The European Commission has rejected a notification by Cyprus that required genetically modified foods to be displayed separately from non-GM foods in supermarkets.
The decision was taken on grounds that the legal base on which the Cypriot authorities submitted the notification is subject to certain conditions that do not apply in the case of this draft legislation, said the Commission.
In September 2005, the Cyprus Parliament had notified the Commission of a draft law that would require supermarkets to place GM foods on specially designated shelves, separate from non-GM foods.
The bill highlights increasing concerns when it comes to protecting consumer choice and public health in the face of what is perceived by many as a GM threat.
The Cyprus government submitted the notification under Article 95(5) of the EC Treaty, which allows a member state to introduce national legislation that differs from harmonized EU rules, under certain conditions.
These exemptions must be based on new scientific evidence relating to the protection of the environment or the working environment, on grounds of a problem specific to that member state according to the Commission.
After a six month consultation period, the Commission yesterday announced that evidence provided by the Cyprus authorities did not meet the conditions of Article 95(5) and therefore was non-admissible.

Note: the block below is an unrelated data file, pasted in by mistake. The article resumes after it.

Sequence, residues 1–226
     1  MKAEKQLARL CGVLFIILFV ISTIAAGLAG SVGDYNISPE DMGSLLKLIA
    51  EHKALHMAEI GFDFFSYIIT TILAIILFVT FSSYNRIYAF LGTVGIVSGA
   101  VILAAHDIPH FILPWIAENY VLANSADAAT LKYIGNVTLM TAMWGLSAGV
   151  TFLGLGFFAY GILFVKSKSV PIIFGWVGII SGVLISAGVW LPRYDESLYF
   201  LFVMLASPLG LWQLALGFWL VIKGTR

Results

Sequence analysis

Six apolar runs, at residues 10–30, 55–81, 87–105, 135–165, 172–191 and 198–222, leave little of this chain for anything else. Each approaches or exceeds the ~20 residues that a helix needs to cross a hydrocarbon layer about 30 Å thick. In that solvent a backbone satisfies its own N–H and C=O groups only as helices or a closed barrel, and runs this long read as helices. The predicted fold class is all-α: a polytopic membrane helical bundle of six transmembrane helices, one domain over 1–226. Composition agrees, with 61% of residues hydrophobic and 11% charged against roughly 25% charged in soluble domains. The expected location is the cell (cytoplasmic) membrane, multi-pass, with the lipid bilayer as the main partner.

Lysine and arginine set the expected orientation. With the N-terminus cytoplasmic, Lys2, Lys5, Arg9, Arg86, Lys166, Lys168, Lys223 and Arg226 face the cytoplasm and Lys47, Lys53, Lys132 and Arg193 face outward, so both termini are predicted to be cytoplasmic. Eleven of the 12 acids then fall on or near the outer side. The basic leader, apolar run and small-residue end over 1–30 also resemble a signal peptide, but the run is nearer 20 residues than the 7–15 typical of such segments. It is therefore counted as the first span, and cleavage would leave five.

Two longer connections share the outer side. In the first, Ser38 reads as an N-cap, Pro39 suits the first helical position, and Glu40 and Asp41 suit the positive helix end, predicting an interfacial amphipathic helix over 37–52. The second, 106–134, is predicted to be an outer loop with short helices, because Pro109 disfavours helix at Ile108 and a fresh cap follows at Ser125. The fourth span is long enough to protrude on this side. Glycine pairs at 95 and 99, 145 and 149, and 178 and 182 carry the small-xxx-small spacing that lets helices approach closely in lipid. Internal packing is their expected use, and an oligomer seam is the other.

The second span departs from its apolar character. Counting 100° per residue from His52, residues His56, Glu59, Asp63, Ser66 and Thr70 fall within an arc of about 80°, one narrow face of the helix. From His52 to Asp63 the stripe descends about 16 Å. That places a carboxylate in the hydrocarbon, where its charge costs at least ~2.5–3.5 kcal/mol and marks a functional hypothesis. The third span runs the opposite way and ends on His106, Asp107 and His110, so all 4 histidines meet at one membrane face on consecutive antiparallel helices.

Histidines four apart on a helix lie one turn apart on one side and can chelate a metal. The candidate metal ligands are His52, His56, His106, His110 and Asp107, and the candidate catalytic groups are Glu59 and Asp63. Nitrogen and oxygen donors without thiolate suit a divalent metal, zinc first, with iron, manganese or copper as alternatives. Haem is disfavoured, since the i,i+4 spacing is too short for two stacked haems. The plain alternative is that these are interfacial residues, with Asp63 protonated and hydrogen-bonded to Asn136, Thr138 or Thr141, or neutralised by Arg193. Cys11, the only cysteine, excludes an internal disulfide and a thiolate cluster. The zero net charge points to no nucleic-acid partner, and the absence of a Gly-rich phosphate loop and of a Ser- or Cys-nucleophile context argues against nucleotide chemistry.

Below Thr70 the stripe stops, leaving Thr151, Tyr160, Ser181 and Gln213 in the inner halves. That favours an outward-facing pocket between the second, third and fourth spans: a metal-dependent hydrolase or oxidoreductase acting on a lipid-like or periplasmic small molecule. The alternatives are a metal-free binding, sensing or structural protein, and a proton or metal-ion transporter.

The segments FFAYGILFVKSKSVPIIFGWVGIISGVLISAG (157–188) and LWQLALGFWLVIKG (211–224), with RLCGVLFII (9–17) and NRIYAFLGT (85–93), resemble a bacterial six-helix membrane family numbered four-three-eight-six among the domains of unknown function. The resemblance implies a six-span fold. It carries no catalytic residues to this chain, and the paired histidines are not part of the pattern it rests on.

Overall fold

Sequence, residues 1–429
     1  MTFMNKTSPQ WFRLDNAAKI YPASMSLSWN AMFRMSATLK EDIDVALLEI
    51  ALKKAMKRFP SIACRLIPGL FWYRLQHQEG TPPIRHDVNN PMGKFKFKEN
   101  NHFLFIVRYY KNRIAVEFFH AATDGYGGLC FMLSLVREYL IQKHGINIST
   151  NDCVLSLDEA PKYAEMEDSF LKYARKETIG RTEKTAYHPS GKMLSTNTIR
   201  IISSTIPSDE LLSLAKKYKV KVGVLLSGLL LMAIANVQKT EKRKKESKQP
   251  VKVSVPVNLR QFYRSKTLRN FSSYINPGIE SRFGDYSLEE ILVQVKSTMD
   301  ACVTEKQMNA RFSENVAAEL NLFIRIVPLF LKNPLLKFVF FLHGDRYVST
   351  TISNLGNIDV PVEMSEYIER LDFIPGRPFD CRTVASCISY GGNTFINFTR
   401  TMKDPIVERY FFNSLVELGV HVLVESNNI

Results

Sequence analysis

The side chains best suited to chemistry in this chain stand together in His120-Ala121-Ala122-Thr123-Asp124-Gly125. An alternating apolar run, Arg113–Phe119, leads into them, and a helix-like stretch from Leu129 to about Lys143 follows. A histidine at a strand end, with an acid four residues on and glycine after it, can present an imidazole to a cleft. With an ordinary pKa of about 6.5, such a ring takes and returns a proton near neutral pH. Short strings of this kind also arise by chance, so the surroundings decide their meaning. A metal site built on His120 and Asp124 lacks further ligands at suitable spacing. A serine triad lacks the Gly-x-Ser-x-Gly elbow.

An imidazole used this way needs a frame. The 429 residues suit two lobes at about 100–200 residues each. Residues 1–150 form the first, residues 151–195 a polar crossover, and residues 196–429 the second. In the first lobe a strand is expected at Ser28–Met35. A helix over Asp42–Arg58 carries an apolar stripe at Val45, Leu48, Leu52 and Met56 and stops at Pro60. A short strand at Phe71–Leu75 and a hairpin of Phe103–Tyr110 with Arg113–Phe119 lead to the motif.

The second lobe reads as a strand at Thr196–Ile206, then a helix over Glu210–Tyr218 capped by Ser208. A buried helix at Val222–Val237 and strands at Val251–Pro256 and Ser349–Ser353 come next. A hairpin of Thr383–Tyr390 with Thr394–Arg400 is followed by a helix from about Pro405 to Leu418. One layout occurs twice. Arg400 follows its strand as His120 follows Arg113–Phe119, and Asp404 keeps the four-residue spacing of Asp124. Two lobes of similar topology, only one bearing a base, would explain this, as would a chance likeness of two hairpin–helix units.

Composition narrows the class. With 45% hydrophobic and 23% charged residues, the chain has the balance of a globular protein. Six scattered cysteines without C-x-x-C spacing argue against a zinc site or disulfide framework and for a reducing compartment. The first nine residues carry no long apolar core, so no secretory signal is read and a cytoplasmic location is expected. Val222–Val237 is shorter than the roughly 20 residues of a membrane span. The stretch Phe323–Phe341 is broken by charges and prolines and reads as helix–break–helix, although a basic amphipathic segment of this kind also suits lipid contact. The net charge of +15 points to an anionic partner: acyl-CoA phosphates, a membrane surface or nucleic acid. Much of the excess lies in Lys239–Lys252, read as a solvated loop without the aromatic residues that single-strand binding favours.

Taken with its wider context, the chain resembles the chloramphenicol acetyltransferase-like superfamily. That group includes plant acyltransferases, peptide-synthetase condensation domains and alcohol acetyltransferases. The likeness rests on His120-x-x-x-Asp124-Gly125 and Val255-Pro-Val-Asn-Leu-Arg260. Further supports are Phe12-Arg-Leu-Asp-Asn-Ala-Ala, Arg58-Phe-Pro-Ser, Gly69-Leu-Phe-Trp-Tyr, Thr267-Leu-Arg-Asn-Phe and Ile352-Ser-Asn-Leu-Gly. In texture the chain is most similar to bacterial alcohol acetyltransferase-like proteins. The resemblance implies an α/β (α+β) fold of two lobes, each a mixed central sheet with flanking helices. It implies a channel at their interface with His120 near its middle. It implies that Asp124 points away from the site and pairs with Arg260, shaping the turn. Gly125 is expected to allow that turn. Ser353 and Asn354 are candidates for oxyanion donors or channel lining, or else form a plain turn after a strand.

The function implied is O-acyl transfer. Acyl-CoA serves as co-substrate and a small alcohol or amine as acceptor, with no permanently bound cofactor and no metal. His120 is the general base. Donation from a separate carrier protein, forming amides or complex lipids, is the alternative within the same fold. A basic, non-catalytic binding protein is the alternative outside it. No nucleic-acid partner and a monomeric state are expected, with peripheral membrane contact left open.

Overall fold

However, the issue adds another building block in the wall erected by member states that have not warmed easily to GM acceptance.
Indeed, just last month the World Trade Organisation (WTO) ruled that the EU and six member states broke trade rules by barring entry to GM crops and foods between June 1999 and August 2003.
And although Brussels again began authorising imports of GMOs in May 2004, only seven crops and foods were given the green light. Further bans were imposed by France, Germany, Austria, Italy, Luxembourg and Greece.
In any case, the WTO ruling may prove more symbolic than effective, given that the EU claims it has no ban on safe GM products. More importantly, widespread consumer rejection of GM products will likely mean that the technology remains untouchable for many manufacturers and retailers.
It is clear that member states still need to be convinced that introducing genetically modified ingredients into food production is acceptable. The Commission has asked EU members over ten times to vote on authorising a GMO food or feed product, but in the large majority of cases, there was no agreement or simple deadlock.